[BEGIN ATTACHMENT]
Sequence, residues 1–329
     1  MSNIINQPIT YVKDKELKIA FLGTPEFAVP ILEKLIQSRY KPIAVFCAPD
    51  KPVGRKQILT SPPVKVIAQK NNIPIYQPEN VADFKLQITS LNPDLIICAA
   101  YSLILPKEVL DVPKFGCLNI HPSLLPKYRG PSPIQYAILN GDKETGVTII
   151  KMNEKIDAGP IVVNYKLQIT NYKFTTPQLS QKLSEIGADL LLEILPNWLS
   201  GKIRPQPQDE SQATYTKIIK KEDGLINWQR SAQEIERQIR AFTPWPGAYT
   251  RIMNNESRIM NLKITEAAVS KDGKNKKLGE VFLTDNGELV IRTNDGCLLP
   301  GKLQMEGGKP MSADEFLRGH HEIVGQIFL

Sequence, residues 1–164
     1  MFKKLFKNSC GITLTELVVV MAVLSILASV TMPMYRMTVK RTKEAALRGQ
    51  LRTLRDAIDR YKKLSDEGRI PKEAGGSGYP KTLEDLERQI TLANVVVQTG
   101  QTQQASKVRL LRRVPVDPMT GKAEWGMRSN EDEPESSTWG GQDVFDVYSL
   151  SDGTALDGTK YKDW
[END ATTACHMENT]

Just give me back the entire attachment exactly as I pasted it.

Sequence, residues 1–329
     1  MSNIINQPIT YVKDKELKIA FLGTPEFAVP ILEKLIQSRY KPIAVFCAPD
    51  KPVGRKQILT SPPVKVIAQK NNIPIYQPEN VADFKLQITS LNPDLIICAA
   101  YSLILPKEVL DVPKFGCLNI HPSLLPKYRG PSPIQYAILN GDKETGVTII
   151  KMNEKIDAGP IVVNYKLQIT NYKFTTPQLS QKLSEIGADL LLEILPNWLS
   201  GKIRPQPQDE SQATYTKIIK KEDGLINWQR SAQEIERQIR AFTPWPGAYT
   251  RIMNNESRIM NLKITEAAVS KDGKNKKLGE VFLTDNGELV IRTNDGCLLP
   301  GKLQMEGGKP MSADEFLRGH HEIVGQIFL

Sequence, residues 1–164
     1  MFKKLFKNSC GITLTELVVV MAVLSILASV TMPMYRMTVK RTKEAALRGQ
    51  LRTLRDAIDR YKKLSDEGRI PKEAGGSGYP KTLEDLERQI TLANVVVQTG
   101  QTQQASKVRL LRRVPVDPMT GKAEWGMRSN EDEPESSTWG GQDVFDVYSL
   151  SDGTALDGTK YKDW